In theory, older borrowers should be wiser, more used to managing a home loan and more experienced at budgeting for their monthly mortgage repayments. So, why are banks and building societies so reluctant to agree large mortgages for older applicants?
Over the last few years many lenders have tightened their criteria for borrowers approaching retirement and two major lenders have recently reduced the ‘maximum age’ on their mortgage products. We look at why older borrowers are struggling to obtain high value mortgages and why some experts believe lenders to be increasingly ‘ageist’ when it comes to agreeing deals.
The Daily Telegraph reports that over the past month, three building societies have reduced their age caps on mortgage lending. Leeds Building Society has reduced its maximum age to 75 from 80 – following the Skipton’s lead – while Newcastle Building Society has introduced a cap at age 75 whereas it previously had no limit.
The newspaper reports that ‘historically, high street lenders have issued loans without setting a maximum age for the borrower. But banks have slowly tightened their lending criteria since the 2008 financial crisis, and now typically refuse borrowing past age 70 or 75.’
Reducing the maximum age for high value mortgages has a significant effect on millions of borrowers as Islay Robinson, CEO of London mortgage broker Enness Private Clients, explains. He says: “Once borrowers hit their fifties or over, caps on the maximum age of a home loan reduces their maximum lending term. With most lenders insisting on a repayment mortgage, borrowers are being forced to take loans over a shorter number of years and finding their payments are much higher than before.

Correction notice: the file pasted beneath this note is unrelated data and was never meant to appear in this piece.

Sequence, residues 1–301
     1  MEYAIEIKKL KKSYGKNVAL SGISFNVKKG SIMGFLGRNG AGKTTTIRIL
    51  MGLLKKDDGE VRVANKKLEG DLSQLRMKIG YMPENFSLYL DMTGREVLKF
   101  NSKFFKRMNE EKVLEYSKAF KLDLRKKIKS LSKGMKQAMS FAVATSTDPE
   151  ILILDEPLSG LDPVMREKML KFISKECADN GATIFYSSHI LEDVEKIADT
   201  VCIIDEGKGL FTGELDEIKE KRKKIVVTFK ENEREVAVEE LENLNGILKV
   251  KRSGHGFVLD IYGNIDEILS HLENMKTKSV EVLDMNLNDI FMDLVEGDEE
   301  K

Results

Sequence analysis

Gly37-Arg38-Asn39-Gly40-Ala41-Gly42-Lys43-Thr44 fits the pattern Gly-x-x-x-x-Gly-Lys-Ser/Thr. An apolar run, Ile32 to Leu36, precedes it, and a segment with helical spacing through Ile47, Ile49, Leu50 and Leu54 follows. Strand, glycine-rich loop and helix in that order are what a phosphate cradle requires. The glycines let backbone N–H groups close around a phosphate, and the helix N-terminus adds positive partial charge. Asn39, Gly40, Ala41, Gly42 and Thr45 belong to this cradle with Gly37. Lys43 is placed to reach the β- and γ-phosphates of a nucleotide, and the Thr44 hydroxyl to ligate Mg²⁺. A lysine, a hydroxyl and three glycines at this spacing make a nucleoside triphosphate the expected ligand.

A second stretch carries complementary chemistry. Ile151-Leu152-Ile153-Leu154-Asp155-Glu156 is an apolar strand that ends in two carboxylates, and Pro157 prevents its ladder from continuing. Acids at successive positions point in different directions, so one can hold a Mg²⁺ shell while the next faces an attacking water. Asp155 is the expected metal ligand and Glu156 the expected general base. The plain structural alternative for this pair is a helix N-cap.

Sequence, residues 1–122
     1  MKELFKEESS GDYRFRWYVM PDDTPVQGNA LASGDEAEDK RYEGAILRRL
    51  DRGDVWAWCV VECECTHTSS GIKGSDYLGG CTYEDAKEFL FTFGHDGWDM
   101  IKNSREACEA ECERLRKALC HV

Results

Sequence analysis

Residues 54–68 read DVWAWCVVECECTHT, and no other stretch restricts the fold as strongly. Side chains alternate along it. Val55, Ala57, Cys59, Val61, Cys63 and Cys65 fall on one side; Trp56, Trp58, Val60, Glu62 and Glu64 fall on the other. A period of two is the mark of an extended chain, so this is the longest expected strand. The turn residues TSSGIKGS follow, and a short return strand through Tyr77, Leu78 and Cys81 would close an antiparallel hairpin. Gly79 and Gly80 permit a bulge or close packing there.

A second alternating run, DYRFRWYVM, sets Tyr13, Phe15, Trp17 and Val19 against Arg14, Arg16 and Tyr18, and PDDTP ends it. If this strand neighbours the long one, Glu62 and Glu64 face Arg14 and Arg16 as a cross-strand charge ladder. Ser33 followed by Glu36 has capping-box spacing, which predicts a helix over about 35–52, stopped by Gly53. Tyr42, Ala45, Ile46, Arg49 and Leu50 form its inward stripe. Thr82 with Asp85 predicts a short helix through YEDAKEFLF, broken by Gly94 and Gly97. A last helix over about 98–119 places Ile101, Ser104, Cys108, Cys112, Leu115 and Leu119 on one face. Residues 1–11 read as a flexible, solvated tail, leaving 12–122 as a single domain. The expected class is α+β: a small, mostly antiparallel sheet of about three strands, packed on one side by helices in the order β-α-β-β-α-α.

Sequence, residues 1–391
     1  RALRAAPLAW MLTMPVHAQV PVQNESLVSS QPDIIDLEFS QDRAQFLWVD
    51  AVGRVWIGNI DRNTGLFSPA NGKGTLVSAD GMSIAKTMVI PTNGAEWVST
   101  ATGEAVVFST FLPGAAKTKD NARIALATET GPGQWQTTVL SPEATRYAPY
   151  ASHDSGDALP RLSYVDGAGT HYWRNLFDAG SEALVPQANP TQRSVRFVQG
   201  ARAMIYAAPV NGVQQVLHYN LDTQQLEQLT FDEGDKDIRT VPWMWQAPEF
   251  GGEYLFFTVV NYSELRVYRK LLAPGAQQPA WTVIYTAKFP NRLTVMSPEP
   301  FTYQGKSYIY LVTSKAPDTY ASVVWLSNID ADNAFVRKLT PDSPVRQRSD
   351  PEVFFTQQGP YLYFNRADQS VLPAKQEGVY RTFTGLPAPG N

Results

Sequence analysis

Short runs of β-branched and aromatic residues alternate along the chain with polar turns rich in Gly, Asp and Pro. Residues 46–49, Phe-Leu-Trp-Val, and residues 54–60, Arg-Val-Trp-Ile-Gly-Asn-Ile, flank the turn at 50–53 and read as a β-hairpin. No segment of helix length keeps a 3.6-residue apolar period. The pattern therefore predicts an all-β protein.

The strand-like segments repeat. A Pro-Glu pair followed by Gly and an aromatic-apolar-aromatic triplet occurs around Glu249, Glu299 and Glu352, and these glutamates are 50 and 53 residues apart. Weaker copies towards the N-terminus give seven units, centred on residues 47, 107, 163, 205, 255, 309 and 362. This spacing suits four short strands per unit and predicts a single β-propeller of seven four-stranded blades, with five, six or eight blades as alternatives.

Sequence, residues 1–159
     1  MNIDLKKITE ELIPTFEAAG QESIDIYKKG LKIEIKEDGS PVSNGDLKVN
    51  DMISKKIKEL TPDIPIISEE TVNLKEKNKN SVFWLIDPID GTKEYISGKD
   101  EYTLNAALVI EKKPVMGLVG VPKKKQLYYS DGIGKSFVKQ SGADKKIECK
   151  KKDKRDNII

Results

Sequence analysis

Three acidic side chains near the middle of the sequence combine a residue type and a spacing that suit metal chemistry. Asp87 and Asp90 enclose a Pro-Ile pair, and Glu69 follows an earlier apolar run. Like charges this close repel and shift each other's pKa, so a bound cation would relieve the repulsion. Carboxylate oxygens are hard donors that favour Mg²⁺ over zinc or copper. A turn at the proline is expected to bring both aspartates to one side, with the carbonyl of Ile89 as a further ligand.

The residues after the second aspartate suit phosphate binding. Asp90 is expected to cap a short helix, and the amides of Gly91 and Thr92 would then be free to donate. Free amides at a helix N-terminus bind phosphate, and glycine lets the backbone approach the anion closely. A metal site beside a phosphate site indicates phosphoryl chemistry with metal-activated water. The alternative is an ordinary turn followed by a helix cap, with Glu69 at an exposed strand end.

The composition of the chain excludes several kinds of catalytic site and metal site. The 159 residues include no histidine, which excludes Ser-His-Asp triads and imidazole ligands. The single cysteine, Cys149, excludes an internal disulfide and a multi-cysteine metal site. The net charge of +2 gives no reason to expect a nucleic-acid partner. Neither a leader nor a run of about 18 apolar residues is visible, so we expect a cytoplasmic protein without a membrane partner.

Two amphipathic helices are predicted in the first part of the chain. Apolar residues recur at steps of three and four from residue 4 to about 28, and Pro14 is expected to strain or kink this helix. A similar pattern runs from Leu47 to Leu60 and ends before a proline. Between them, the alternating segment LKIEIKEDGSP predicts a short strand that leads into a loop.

“As well as restricting the age on home loans many lenders no longer offer ‘interest only’ options. This means that any older borrower looking to remortgage will find that their payments may be a lot more than they expected,” he adds.
Many of the High Street lenders you’re likely to encounter enforce a strict maximum age of 75 and Halifax, Nationwide, Lloyds, Santander, the Co-Operative Bank and the Chelsea Building Society all have this limit. Some even have a lower cap – First Direct, Yorkshire Bank, Kensington and Clydesdale Bank all enforce a maximum age of 65. So, if you’re struggling to find a lender that will agree your mortgage past age 65 or 70 then it can pay to speak to a broker for advice.
“There are some lenders who are prepared to take a more holistic view,” adds Mr Robinson, the London mortgage advisor and large mortgage specialist. “For example, some lenders including Bank of Ireland, the Bath and Monmouthshire building societies and HSBC have no maximum age limit.
“If you want a better deal on your mortgage but you’re currently on an interest only deal and are in your fifties or older, seeking professional advice can help. Most lenders you’ll approach will insist on a repayment loan to age 75 and this may result in payments that are simply unaffordable to you. However, there are other options and a professional advisor can help,” he adds.
France is one of the most popular property markets for foreign nationals: we are all aware of the chic appeal of Paris, the enduring allure of the Riviera in the summer or the freshness of the mountains in winter.
Covering everything from search and negotiation to making an offer and the legal processes, the guide will help you fulfil your dream of property ownership in France.